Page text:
Indianapolis, IN
Indianapolis, IN

Indianapolis, IN


DANA CORPORATION,                                                         )
    Petitioner,                                                                )
    v.                                                                         )   Cause No. 49T10-9906-TA-133
DEPARTMENT OF LOCAL                                                            )
GOVERNMENT FINANCE, See footnote             )
    Respondent.            )    


July 25, 2003

Dana Corporation (Dana) appeals the final determination of the State Board of Tax Commissioners (State Board) valuing its land for the 1995 assessment year. The issue for the Court to decide is whether the State Board erred when it refused to award Dana’s land a 95% negative influence factor. See footnote For the following reasons, the Court AFFIRMS the State Board’s final determination.

Dana owns land in Wayne County, Indiana. For the 1995 assessment year, Dana’s land was assessed with a 35% negative influence factor. Dana appealed the assessment to the Wayne County Board of Review (BOR), arguing that because the land was environmentally contaminated, it should be granted a 95% negative influence factor. The BOR denied Dana’s appeal, and Dana subsequently appealed to the State Board. On April 15, 1999, the State Board issued a final determination upholding the BOR’s decision.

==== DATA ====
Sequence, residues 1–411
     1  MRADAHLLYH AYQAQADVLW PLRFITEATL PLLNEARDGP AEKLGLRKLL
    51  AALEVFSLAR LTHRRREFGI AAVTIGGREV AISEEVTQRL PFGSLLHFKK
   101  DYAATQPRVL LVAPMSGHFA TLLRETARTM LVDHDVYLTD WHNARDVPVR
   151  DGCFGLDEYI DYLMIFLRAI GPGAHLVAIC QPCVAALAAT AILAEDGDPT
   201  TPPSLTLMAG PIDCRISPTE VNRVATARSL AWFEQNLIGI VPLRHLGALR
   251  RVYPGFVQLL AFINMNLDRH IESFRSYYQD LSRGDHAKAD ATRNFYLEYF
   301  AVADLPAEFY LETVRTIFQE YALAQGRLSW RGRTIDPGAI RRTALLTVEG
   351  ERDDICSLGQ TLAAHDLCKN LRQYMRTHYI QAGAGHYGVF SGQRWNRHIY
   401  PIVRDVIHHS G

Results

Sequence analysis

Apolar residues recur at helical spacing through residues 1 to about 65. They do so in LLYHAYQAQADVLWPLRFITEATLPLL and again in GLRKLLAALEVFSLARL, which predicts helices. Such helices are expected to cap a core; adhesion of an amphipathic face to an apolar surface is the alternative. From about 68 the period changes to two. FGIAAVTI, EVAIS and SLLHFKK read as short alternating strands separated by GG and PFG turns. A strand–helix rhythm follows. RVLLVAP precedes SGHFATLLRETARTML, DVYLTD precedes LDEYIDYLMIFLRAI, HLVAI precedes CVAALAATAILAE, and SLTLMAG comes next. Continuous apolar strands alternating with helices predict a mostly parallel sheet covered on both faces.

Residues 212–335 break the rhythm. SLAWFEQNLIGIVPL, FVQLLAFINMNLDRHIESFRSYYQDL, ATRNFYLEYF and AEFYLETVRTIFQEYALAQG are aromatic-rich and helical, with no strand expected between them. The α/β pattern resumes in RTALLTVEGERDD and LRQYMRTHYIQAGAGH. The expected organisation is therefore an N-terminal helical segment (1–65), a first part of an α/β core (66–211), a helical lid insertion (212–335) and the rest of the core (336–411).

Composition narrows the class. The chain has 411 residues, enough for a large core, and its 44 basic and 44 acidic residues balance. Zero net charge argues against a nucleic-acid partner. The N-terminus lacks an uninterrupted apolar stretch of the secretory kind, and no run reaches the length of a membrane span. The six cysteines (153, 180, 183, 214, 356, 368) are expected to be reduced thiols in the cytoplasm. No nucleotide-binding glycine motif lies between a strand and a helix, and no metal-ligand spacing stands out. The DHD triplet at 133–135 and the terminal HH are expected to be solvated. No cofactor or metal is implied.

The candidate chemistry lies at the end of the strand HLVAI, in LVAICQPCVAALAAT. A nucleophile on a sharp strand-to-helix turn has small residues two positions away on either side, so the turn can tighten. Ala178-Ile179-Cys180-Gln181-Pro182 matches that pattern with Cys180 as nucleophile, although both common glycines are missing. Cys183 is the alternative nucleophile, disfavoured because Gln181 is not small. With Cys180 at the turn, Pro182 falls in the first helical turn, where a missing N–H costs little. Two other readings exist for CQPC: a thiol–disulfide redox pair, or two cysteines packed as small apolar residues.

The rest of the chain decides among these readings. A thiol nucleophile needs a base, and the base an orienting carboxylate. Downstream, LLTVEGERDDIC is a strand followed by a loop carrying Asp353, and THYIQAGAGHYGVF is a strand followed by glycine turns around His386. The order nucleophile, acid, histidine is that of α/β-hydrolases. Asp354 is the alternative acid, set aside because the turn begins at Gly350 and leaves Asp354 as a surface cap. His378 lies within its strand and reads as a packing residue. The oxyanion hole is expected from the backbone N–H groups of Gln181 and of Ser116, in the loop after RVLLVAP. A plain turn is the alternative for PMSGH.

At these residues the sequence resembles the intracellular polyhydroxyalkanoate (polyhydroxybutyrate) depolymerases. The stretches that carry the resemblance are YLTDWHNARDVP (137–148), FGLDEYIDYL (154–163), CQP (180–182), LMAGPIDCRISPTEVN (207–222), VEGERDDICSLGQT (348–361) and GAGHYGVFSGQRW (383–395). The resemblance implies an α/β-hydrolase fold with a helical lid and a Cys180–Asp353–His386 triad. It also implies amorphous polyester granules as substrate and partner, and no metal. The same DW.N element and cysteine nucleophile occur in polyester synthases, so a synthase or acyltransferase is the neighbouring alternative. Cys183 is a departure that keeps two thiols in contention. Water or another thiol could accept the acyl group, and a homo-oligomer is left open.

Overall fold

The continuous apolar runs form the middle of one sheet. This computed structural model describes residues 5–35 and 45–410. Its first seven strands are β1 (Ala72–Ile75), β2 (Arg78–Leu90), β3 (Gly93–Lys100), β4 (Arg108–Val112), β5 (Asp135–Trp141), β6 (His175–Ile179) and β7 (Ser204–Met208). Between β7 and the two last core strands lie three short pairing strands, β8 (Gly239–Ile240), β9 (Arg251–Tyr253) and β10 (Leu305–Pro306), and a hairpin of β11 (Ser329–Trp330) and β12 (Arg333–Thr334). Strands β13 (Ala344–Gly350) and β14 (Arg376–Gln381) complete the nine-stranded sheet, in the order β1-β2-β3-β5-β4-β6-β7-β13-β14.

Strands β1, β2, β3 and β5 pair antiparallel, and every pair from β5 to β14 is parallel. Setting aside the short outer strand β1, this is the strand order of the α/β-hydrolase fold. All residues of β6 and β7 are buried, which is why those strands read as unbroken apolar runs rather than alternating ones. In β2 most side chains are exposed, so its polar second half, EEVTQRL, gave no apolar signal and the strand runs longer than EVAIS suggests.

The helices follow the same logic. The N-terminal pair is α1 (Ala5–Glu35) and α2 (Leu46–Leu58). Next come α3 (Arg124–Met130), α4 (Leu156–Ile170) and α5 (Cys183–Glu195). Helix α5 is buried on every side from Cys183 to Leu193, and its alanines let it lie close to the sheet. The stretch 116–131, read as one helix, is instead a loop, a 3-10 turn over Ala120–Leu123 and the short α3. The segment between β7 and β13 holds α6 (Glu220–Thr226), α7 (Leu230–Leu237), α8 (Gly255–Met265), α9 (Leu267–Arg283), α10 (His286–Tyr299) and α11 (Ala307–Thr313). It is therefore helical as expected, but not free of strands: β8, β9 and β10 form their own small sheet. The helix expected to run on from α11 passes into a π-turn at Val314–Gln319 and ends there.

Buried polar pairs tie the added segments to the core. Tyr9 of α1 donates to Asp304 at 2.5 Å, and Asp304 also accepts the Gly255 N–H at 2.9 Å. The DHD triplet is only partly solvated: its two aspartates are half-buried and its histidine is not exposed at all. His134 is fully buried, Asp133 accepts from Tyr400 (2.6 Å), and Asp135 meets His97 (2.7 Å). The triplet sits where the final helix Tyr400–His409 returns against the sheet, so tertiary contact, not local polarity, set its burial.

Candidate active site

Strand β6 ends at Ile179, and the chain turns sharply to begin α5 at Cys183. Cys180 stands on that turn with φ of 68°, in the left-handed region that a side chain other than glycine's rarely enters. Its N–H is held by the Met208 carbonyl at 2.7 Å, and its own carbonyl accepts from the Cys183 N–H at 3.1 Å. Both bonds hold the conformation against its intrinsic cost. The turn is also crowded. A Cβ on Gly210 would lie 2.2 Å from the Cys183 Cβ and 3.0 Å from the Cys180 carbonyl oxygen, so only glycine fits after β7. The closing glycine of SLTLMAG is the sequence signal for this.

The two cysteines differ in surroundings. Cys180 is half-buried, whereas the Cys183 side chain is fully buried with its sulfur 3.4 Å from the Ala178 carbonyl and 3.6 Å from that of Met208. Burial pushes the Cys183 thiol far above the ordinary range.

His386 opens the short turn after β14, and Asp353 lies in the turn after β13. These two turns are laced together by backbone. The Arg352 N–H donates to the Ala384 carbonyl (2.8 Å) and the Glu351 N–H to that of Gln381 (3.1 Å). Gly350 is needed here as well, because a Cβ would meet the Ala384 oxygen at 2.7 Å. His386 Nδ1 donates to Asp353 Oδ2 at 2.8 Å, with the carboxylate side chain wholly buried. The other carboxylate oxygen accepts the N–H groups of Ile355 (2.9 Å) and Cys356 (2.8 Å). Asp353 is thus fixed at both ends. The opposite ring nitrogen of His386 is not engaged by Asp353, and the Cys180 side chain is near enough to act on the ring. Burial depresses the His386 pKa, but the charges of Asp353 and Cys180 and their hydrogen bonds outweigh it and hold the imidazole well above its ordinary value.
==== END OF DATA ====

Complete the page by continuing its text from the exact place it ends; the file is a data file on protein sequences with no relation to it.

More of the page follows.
On May 28, 1999, Dana initiated an original tax appeal. The parties stipulated to the record and, on October 31, 2000, they agreed to brief this case in lieu of a trial. The Court heard oral argument on April 2, 2001. Additional facts will be supplied as needed.
Standard of Review

This Court gives great deference to the final determinations of the State Board when it acts within the scope of its authority. Thousand Trails, Inc. v. State Bd. of Tax Comm’rs, 757 N.E.2d 1072, 1075 (Ind. Tax Ct. 2001). This Court will reverse a final determination of the State Board only when its findings are unsupported by substantial evidence, arbitrary, capricious, constitute an abuse of discretion, or exceed statutory authority. Id.
Furthermore, a taxpayer who appeals to this Court from a State Board final determination bears the burden of showing that the final determination was invalid. Id. The taxpayer must present a prima facie case by submitting probative evidence, i.e., evidence sufficient to establish a given fact that, if not contradicted, will remain sufficient. Id. Once the taxpayer presents a prima facie case, the burden shifts to the State Board to rebut the taxpayer’s evidence and support its findings with substantial evidence. Id.